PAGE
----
By Rose Pedenko
My father passed away in December of 2007 at the ripe old age of 104, just two months shy of his 105th birthday. To the last year of his life, he swore thatVick’s VapoRub was a cure-all for everything that ailed him. Who am I to argue, after all, he died of old age.
It got me to thinking that the English language was very much like Vick’s VapoRub in our family and that it is likely the answer to much of what ailsAmerica today.
A host of problems stem from an inability or lack of will by immigrants to grasp the basics of our national language. “English-Only” legislation is perpetually thwarted by liberals, educators, and politicians to advance their respective misguided agendas—and we see the impact of the dismal results on our children. Bi-lingual education in our schools has been an unmitigated failure. In less than 50 years, it also has become not only absurd but politically incorrect to be an English-Only adherent or proponent.
The English language is the fundamental tool we use to read and thus understand the world around us. It allows us to thrive and succeed in this country -- unhampered by the limitations imposed by tyrannical governments or radical religions on its citizens around the world. In America, thus far, we have been free to choose our own paths to self-actualization.
Before any members of the PC crowd get huffy, my parents were legal non-English speaking immigrants from Mexico. Total immersion into this English speaking culture was a necessity prior to the late 1960s, not an option. There were no crutches to impede our progress like “Press 1 for Spanish.” It was a sink or swim assimilation. Becoming an American occurred almost effortlessly, not because we had no other choice, but, more importantly, because we wanted to be Americans.
We spoke Spanish at home to be understood by our parents, and in turn, guided them through the initial language hurdles. It was both a privilege and a test of their own determination to become American citizens, particularly at a time when citizenship classes and exams were not offered in their native language. And I never once heard them complain about an unfair cultural challenge, or that the government should make it easier for them.
Fluency in both cultures became seamless, and apple-pie-laden patriotism was our dessert.
Today, many on the left laugh derisively over that little understood and antiquated fervor to become an integral part of the American fabric which was so inextricably woven into our flag 232 years ago.
I’m not embarrassed nor hindered in this fervor for all things American by the likes of Bill Maher or David Letterman. It is neither pedestrian nor witless to believe in the principles that made this country great.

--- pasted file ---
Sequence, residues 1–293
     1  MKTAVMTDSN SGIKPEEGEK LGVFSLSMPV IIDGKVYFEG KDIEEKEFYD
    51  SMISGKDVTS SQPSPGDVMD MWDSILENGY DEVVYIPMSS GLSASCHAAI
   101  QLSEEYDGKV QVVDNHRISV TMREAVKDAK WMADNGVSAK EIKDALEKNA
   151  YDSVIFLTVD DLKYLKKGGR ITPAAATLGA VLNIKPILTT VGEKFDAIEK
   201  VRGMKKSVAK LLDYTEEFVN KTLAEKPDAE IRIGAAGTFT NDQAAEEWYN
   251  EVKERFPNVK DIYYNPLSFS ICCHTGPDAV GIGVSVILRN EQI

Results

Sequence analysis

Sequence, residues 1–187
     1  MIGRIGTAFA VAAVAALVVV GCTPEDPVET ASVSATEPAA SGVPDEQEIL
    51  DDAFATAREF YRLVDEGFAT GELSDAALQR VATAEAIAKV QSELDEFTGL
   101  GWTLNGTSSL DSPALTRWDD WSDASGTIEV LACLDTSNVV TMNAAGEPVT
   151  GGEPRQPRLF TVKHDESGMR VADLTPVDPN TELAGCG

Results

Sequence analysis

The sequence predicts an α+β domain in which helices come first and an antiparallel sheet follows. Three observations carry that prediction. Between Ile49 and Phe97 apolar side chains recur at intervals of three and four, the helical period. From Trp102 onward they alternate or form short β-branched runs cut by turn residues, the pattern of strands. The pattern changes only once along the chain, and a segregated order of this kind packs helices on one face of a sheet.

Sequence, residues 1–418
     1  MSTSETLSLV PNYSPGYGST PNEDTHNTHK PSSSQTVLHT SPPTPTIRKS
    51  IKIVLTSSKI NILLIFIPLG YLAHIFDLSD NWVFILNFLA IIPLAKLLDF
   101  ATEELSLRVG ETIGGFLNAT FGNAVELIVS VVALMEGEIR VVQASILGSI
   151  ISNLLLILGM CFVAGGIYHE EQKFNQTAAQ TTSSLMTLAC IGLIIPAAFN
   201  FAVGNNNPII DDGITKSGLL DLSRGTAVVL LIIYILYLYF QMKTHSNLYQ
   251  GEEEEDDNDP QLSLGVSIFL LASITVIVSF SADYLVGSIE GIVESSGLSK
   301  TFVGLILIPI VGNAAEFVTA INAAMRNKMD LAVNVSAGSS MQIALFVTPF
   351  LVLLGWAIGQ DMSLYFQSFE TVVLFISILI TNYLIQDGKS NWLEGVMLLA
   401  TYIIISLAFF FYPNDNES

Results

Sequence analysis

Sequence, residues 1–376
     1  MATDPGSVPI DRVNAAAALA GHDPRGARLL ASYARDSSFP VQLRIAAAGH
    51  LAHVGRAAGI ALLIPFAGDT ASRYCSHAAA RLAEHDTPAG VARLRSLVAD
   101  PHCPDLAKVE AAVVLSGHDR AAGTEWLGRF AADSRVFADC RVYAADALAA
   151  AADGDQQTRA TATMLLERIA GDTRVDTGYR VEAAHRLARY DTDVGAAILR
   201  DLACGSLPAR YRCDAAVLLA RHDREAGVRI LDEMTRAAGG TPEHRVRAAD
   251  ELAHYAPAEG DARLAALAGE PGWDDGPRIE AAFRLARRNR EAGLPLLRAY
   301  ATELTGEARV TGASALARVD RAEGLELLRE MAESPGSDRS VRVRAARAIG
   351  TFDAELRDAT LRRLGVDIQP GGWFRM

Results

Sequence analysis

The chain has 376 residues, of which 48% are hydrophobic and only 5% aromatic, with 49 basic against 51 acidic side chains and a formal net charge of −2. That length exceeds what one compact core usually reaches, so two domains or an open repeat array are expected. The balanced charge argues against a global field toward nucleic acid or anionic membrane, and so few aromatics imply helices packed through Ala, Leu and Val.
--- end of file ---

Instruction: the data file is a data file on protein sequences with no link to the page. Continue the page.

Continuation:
My parents’ children grew up knowing they are honest to goodness red-blooded Americans. There was no “Mexican-American” moniker to identify or categorize us -- we knew who we were and are, and wear it with pride. Our unaccented English paved the way into a society where the only person to blame for holding you back was yourself. You choose success over failure, and it is not guaranteed or handed to you. And that is the precious freedom held most dear by legal immigrants.
This then begs the question, do we, by and large, create the prejudices that feed on themselves as a way to cope -- now that diversity has been shoved down our throats? When we reject what it means to be an American, it creates baggage that should have been left at the border. Today, immigrants have been taught they can have the best of both worlds. They can retain their culture (which is the excess baggage) while taking advantage of U.S.freedoms and benefits without paying for it. What remains are cross-cultural expectations that will never be realized because they no longer fully identify with either country.
So many of the cultural problems we face can be traced to this forced acceptance of diversity, and a lack of language skills which impedes progress. PC guilt, inculcated by do-gooder academics, has led to anger arising from lawbreakers earning rewards they would not otherwise be entitled to. It made this week’s Supreme Court reversal of Judge Sonia Sotomayor’s prior ruling very sweet indeed.
One language is the glue that produces unity, and unity in a people breeds strength. Right now, unity and strength are sadly lacking in this country. Our political parties are divided and our nation has been rendered weak by appeasement. America is turning into a Tower of Babel by the left’s efforts to reach their Utopian ideal.
The day we can all celebrate American holidays and traditions together, and bring those exotic ancestral spices to the table for the purpose of conversation, will be the day divisiveness takes a back seat to what drives this country forward--English.
Happy Independence Day.